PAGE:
This news release is available in German.
Ageing inevitably occurs both in humans and in other animals. However, life-span varies widely across species. Researchers of the Max Planck Institute for Ornithology in Seewiesen have now found a possible general mechanism explaining differences in longevity. They investigated life history data of nearly 1400 bird species and found that avian life span varies considerably across the entire Earth, and that much of this variation can be explained by the species' body mass and clutch size and by the local diversity of predator species. With their data the researchers were able to confirm a key prediction of the classical evolutionary theory of ageing that had been proposed more than 50 years ago.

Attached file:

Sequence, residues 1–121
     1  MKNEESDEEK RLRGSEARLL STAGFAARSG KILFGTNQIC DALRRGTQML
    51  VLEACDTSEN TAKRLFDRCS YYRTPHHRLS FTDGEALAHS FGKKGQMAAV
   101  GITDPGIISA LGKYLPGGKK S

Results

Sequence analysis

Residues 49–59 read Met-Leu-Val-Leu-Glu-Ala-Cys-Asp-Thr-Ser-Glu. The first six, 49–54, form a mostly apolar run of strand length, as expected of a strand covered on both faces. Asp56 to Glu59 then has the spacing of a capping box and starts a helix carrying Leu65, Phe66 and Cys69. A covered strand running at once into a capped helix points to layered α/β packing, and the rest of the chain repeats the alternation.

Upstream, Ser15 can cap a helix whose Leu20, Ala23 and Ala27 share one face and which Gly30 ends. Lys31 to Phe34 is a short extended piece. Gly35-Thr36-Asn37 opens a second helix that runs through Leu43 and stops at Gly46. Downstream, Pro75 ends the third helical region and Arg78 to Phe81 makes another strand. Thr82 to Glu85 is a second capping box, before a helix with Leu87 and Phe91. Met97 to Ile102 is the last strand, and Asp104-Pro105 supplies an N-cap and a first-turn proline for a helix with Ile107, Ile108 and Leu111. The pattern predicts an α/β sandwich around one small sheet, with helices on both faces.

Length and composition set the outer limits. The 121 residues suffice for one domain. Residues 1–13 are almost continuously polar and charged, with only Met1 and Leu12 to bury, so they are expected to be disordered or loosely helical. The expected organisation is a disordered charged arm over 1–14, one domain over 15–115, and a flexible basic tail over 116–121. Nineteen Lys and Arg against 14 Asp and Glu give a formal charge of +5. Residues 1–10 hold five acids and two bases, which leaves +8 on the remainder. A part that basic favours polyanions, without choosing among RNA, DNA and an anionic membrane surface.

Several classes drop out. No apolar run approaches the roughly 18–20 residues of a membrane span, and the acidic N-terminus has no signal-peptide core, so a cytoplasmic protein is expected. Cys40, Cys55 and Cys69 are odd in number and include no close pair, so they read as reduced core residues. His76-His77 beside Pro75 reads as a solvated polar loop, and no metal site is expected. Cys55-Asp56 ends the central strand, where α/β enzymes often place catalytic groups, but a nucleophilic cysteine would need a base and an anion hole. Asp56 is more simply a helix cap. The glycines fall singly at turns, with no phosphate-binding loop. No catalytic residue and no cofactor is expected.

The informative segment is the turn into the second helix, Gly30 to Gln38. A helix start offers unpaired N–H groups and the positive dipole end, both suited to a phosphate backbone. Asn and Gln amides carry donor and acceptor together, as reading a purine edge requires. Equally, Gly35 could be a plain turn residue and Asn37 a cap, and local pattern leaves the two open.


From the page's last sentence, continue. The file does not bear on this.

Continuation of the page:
It is well-known that organisms vary widely in life-span. Whereas some fish, turtles or even invertebrates can become hundreds of years old, the neon pygmy goby a small fish - reaches ripe old age at only 60 days. In birds, variation in life-span extends from parrots such as the Sulphur-crested cockatoo that can become more than 100 years old, to the small Allen's hummingbird with a maximum life-span of only 4 years, a 25 fold difference. How can this variation be explained?
The classical evolutionary theory of ageing, first proposed by the famous evolutionary biologist George C. Williams over 50 years ago, gives an answer. The theory predicts that high mortality rates in adult animals due to predation, exposure to parasites and other randomly occurring events will be associated with shorter maximum life-spans. This is because under high external mortality most individuals will already be dead (eaten or succumbed to disease) before natural selection can act on rare mutations that cause healthier ageing.
The theory has since be
|Contact: Dr. Bart Kempenaers|